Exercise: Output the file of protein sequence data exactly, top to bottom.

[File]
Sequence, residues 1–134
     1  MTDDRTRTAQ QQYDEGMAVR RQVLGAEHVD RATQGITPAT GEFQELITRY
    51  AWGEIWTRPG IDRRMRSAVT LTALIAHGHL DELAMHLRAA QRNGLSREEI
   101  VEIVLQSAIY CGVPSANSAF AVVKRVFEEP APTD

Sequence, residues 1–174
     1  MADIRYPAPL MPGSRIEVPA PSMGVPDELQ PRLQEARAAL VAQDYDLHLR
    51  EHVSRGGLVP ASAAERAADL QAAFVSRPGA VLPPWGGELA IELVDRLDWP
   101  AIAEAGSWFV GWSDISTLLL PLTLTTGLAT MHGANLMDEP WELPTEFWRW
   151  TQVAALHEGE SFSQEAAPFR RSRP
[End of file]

Sequence, residues 1–134
     1  MTDDRTRTAQ QQYDEGMAVR RQVLGAEHVD RATQGITPAT GEFQELITRY
    51  AWGEIWTRPG IDRRMRSAVT LTALIAHGHL DELAMHLRAA QRNGLSREEI
   101  VEIVLQSAIY CGVPSANSAF AVVKRVFEEP APTD

Sequence, residues 1–174
     1  MADIRYPAPL MPGSRIEVPA PSMGVPDELQ PRLQEARAAL VAQDYDLHLR
    51  EHVSRGGLVP ASAAERAADL QAAFVSRPGA VLPPWGGELA IELVDRLDWP
   101  AIAEAGSWFV GWSDISTLLL PLTLTTGLAT MHGANLMDEP WELPTEFWRW
   151  TQVAALHEGE SFSQEAAPFR RSRP